So, now I have to ask, what’s YOUR favorite cigar ever? Think about where you were and what you were doing and you’ll know why it was your favorite.

PLEASE SUPPORT Cigar Rights of America as they continue to deal with congress, the senate, and all US legislators who need to be made aware that our cigars are the best friends we know of and we will fight like hell to keep them in our lives! >>

Smoke ‘em cuz ya gottem my friends,


JR Cigars Blog with the Zman

> CLICK HERE to Check out this week’s J•R CIGARS Weekly Special



Dona Flor Event–Friday the 18th

Tuesday, January 15th, 2013

This Friday, January 18th, from 5:30pm – 8:00pm, St. Pete Cigar will be hosting a Dona Flor smoker event. As always, there will be one day only deals and grub. I know I will stop by for as long as I can. These are very tasty Brazilian puro’s.

Dona_Flor cigars

Quick update on the site. I’m sure that literally a couple of you have wondered where I have been. Fear not, I just have some business to wrap up over the next couple of weeks. After that, this will return to the amazing, exciting place you’ve all come to know. I’ll be back…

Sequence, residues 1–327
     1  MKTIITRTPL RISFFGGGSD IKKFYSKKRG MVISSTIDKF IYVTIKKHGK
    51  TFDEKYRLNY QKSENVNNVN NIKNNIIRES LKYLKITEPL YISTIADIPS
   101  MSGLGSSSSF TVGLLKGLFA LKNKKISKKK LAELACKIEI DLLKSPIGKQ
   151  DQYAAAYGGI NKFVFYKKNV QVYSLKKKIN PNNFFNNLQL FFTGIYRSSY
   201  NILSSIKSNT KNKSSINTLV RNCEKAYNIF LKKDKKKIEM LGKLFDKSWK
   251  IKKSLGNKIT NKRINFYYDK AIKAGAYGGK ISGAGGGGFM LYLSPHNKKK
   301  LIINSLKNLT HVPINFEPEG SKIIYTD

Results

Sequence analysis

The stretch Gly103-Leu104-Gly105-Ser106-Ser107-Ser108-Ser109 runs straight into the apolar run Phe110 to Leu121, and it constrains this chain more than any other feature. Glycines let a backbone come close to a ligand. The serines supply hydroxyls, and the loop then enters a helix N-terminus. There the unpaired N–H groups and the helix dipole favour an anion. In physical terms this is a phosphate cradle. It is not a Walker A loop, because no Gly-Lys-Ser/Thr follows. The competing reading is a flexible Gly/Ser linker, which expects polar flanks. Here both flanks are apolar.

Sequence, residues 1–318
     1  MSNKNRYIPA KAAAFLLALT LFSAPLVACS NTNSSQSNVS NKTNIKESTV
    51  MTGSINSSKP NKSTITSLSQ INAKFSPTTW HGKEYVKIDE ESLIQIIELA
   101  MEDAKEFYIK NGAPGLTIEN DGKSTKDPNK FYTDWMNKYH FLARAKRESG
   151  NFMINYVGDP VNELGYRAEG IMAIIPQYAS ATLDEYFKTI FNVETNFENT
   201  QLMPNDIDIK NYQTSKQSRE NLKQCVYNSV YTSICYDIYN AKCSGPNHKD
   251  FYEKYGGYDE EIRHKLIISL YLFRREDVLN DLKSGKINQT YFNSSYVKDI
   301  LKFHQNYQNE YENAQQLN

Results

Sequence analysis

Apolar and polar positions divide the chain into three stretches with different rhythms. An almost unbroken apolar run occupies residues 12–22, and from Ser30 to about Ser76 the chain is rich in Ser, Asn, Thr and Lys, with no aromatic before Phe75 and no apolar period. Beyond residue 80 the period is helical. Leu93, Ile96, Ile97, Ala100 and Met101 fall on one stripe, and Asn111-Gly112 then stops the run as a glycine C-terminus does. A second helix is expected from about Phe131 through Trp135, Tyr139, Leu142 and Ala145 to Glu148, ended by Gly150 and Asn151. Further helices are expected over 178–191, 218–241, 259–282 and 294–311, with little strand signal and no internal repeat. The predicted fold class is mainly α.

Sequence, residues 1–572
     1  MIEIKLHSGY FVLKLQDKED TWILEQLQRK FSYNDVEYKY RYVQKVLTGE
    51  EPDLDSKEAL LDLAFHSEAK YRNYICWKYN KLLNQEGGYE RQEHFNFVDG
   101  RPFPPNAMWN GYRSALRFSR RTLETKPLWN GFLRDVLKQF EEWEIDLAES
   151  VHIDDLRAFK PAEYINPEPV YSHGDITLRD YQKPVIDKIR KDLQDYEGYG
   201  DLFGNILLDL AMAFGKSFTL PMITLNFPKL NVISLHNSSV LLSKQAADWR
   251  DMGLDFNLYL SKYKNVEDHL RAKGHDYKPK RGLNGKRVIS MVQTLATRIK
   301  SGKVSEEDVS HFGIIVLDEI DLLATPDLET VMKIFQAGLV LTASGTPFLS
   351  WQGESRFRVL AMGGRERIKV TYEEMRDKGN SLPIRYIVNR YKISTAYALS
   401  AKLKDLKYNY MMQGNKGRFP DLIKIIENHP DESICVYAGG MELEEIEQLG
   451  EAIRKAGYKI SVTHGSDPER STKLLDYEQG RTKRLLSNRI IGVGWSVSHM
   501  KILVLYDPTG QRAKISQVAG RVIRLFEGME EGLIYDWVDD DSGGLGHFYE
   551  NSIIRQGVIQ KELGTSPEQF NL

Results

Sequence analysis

We’re Number One! by Frank Seltzer

Tuesday, January 15th, 2013

Ok so the ratings for last year are out.  We’re number one is the call throughout the cigar world.  There are at least about 53 sites that rate the best cigars for the year. (Charlie at Half Wheel actually spent a lot of time compiling all the ratings into a consensus list…he obviously has waaaay too much time on his hands.)

The big dog in ratings, of course, is Cigar Aficionado.  Their top rated cigar usually goes immediately into back order because everyone wants to try it.  This year, it is the Flor de las Antillas Toro.  These cigars came out in the early summer and went into serious back order.  The factory had trouble keeping up.

The number two cigar came from Cuba, so it is illegal for any citizen of the United States to buy one, anywhere in the world.  (Hate to break it to ya but U-S citizens cannot spend money for Cuban goods anywhere in the world…this is not just a within the U-S thing.)  The number 3 cigar is the new Romeo by Romeo y Julieta Piramide, made in the Dominican Republic.

If you haven’t seen the list, here it is.